The 5400 members of American Society of Agronomy, which includes crop scientists, soil scientists, educators, teachers, extension workers, professional field specialists, and industrial agronomists, all are interested in the efficient use of natural and industrial resources for the production of food, forage, and fiber. The 56th Annual Meeting of the society, in association with the Annual Meetings of the Crop Science Society of America and the Soil Science Society of America, was held in Kansas City, Missouri, November 16 to 19, 1964. Approximately 550 technical papers were presented before the 19 subject-matter divisions of the societies and many of these papers will be published in the journals of the three societies. The talks given at a combined Special Session of the meeting are the basis for this special publication.
The theme of per capita food forecasts was proposed for the Kansas City meetings by the general program chairman and approved by the ASA Board of Directors a year earlier at the Denver meeting. As if by prearrangement, the week of the presentation of this program was designated as “The Freedom from Hunger Week” by the President of the United states.
Agronomists are deeply concerned with hunger and food availability, now and in the future. Only per capita figures have relevance, so demographic data become crucial. On a plot of world population with a linear time scale encompassing any realistic estimate of the age-of-man, we are now past the point where the population and, consequently, the food requirement curves are rising almost vertically.
The authors of the four papers in this publication give authoritative information on food and population for the next 15 years, during which period it appears that the world's per capita supply will be reasonably adequate, if satisfactory distribution can be accomplished. But, already, food exporting nations are developing resistance to food shipments on a subsidized basis. Unless birth rates decrease within the relatively near future, food requirements will exceed the most optimistic estimates of production capacity and population will be stabilized by increased death rates arising from natural causes that are historically known.
The editorial committee for this publication, composed of Drs. M. B. Russell, R. L. Davis, B. T. Shaw, M. Stelly, and L. A. Richards, as chairman, assisted with the planning of the program for the Special Session. Dr. Shaw accepted the responsibility of being moderator of the program, outlined the subjects to be treated, and secured the speakers.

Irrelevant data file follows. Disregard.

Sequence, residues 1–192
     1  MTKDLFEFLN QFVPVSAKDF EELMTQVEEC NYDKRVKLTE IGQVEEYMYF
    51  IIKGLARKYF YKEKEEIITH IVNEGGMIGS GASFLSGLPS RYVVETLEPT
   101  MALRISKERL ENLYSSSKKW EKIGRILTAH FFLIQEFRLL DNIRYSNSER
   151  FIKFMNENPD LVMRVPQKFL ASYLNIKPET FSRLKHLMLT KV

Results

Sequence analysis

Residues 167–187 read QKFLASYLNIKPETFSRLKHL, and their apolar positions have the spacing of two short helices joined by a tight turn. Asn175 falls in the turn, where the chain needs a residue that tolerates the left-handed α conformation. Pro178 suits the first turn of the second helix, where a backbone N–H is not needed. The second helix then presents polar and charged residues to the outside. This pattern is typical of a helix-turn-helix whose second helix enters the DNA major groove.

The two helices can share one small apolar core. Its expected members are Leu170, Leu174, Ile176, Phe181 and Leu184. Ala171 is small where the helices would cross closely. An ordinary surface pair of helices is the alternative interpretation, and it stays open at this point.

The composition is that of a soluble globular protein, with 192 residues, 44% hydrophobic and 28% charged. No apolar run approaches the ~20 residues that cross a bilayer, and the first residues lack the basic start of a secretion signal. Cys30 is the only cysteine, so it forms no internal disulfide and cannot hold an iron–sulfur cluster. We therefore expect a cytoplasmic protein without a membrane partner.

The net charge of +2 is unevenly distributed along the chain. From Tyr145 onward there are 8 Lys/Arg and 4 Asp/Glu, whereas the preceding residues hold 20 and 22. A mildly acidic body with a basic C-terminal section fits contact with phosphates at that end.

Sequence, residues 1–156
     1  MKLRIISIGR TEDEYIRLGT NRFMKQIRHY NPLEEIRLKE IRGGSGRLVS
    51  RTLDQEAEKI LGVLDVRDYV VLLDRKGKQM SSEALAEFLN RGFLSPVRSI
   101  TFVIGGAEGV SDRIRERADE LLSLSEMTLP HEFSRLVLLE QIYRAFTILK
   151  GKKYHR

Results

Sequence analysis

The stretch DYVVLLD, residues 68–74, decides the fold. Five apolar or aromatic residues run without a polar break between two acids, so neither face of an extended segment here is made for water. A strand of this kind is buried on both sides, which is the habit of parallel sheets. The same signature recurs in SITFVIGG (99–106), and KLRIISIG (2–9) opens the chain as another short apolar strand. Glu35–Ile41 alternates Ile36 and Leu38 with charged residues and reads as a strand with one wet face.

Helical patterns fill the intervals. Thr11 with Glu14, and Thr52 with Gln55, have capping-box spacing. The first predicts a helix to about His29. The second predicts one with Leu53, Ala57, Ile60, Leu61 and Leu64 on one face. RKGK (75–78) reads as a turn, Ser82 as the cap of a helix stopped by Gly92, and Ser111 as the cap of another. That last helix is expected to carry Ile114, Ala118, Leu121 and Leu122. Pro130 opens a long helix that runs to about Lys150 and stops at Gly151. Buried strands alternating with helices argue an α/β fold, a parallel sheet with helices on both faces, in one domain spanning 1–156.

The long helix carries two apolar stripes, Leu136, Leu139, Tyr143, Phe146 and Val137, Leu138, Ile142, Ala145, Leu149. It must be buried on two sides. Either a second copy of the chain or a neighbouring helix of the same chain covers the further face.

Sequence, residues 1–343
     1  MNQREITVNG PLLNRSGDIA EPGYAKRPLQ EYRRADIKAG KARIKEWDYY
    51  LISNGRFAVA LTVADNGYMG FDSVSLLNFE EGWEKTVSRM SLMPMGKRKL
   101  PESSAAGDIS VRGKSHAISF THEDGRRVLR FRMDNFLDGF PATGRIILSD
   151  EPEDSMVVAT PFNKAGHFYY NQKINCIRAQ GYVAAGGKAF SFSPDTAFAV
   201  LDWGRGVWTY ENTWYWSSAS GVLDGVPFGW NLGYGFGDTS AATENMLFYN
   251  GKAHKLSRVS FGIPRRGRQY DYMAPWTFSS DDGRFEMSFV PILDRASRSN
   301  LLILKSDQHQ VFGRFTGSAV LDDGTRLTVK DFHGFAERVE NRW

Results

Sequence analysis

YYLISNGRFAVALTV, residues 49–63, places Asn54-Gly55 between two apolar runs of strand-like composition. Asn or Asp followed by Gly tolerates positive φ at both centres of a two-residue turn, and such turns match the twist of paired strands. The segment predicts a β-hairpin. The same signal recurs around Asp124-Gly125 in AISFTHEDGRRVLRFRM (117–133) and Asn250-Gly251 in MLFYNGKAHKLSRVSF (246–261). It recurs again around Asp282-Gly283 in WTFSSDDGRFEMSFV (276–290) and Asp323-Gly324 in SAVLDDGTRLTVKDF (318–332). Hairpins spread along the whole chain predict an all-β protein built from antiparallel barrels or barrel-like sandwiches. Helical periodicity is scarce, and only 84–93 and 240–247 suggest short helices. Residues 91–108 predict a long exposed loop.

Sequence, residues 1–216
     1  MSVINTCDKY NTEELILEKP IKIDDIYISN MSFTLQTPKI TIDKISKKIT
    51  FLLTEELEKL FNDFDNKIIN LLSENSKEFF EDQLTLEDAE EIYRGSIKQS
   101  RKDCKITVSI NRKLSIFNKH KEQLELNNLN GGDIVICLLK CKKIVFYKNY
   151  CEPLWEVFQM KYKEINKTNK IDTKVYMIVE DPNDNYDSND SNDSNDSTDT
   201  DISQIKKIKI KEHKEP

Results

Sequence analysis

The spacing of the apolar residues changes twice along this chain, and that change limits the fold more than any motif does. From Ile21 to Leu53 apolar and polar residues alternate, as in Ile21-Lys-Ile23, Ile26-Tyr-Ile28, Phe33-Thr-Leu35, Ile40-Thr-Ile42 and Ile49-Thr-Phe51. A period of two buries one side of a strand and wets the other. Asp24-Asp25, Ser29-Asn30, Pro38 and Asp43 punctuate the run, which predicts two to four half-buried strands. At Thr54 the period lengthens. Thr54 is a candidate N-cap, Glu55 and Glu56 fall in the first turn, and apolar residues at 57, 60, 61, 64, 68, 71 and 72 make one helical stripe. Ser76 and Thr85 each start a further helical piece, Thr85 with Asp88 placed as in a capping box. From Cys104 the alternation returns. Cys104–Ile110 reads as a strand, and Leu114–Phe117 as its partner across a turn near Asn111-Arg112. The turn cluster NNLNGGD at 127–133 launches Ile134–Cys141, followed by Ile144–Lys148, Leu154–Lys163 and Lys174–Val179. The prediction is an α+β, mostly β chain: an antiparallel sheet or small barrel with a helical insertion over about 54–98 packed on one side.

L. A. Richards, President
American Society of Agronomy, 1965
Modern civilization depends on an adequate supply of food to meet minimal requirements for man's normal health and activity. The present geographic and national locations of such food supplies are of the utmost importance, since deficiencies in any geographic area or in any sector of a population cause malnutrition' physical distress, and severe social disturbance.
The relation between food supply and civilization is an ancient one. Man's advances from the most primitive societies to the present have always been based on availability of sufficient foods to permit release from food -seeking to the mastery of natural resources, accretion of knowledge, development of the human mind, and the ethical and esthetic values of human nature.
Any sharp or prolonged deficiency in food supply is devastating in its effect on the people and society where such shortages occur. The records of man in prehistoric times, as well as those of recent millenia, clearly indicate this dependence on food supply.
The rapidly growing populations in nearly all parts of the world in recent decades have often been unrelated to food supplies. The ability of a region to produce more food is dependent in part on suitable land and climate, and in part on the application of modern science and technology to food production. There is strong evidence that population growth is now occurring in many regions without relating to the capacity to provide food.
The extensive presence of hunger and malnutrition, affecting millions of human beings in the world, must not be ignored, even by the most affluent of nations. The nations with advanced knowledge and social development shoud lead in a study of the relation between world population and food supplies.
When food-grain production stands still or chronically fails to keep pace with population growth, the specters of food shortage, recurring hunger and starvation become realities. Intelligent, reasonable solutions to these bitter problems must be found. The papers on this program represent a world-wide evaluation of the population-food outlook for 1980-just 16 years from today.
Washington, D. C.
Howard B. Sprague, President
American Society of Agronomy